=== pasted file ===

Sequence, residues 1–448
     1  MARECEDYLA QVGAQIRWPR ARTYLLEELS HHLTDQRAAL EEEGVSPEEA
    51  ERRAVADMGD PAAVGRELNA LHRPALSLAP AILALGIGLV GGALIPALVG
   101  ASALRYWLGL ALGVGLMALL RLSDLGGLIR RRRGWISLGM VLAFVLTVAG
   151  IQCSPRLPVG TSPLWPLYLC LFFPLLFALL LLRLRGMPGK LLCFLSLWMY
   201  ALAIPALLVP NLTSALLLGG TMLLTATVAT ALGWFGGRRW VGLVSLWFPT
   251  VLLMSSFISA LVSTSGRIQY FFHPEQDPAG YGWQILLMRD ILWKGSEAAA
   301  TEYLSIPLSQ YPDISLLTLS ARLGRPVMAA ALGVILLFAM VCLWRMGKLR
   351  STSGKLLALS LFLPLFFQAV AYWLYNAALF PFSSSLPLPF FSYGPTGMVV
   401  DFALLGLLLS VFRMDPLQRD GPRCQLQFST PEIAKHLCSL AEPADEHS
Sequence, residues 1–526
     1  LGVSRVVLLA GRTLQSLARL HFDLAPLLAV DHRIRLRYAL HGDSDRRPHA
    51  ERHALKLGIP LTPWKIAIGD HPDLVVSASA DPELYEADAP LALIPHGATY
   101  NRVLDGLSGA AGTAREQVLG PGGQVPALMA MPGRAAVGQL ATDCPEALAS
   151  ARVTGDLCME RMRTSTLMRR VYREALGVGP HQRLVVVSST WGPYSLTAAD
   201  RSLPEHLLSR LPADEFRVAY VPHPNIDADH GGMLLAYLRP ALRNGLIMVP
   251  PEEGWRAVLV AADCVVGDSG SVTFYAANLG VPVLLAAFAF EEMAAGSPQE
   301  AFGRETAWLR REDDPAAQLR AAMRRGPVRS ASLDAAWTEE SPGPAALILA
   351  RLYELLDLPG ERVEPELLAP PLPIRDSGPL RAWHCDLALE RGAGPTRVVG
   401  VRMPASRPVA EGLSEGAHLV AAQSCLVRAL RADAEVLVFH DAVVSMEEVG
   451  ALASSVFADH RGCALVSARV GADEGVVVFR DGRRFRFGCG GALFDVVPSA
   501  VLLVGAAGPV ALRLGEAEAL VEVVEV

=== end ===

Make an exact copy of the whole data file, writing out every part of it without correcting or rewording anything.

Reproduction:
Sequence, residues 1–448
     1  MARECEDYLA QVGAQIRWPR ARTYLLEELS HHLTDQRAAL EEEGVSPEEA
    51  ERRAVADMGD PAAVGRELNA LHRPALSLAP AILALGIGLV GGALIPALVG
   101  ASALRYWLGL ALGVGLMALL RLSDLGGLIR RRRGWISLGM VLAFVLTVAG
   151  IQCSPRLPVG TSPLWPLYLC LFFPLLFALL LLRLRGMPGK LLCFLSLWMY
   201  ALAIPALLVP NLTSALLLGG TMLLTATVAT ALGWFGGRRW VGLVSLWFPT
   251  VLLMSSFISA LVSTSGRIQY FFHPEQDPAG YGWQILLMRD ILWKGSEAAA
   301  TEYLSIPLSQ YPDISLLTLS ARLGRPVMAA ALGVILLFAM VCLWRMGKLR
   351  STSGKLLALS LFLPLFFQAV AYWLYNAALF PFSSSLPLPF FSYGPTGMVV
   401  DFALLGLLLS VFRMDPLQRD GPRCQLQFST PEIAKHLCSL AEPADEHS
Sequence, residues 1–526
     1  LGVSRVVLLA GRTLQSLARL HFDLAPLLAV DHRIRLRYAL HGDSDRRPHA
    51  ERHALKLGIP LTPWKIAIGD HPDLVVSASA DPELYEADAP LALIPHGATY
   101  NRVLDGLSGA AGTAREQVLG PGGQVPALMA MPGRAAVGQL ATDCPEALAS
   151  ARVTGDLCME RMRTSTLMRR VYREALGVGP HQRLVVVSST WGPYSLTAAD
   201  RSLPEHLLSR LPADEFRVAY VPHPNIDADH GGMLLAYLRP ALRNGLIMVP
   251  PEEGWRAVLV AADCVVGDSG SVTFYAANLG VPVLLAAFAF EEMAAGSPQE
   301  AFGRETAWLR REDDPAAQLR AAMRRGPVRS ASLDAAWTEE SPGPAALILA
   351  RLYELLDLPG ERVEPELLAP PLPIRDSGPL RAWHCDLALE RGAGPTRVVG
   401  VRMPASRPVA EGLSEGAHLV AAQSCLVRAL RADAEVLVFH DAVVSMEEVG
   451  ALASSVFADH RGCALVSARV GADEGVVVFR DGRRFRFGCG GALFDVVPSA
   501  VLLVGAAGPV ALRLGEAEAL VEVVEV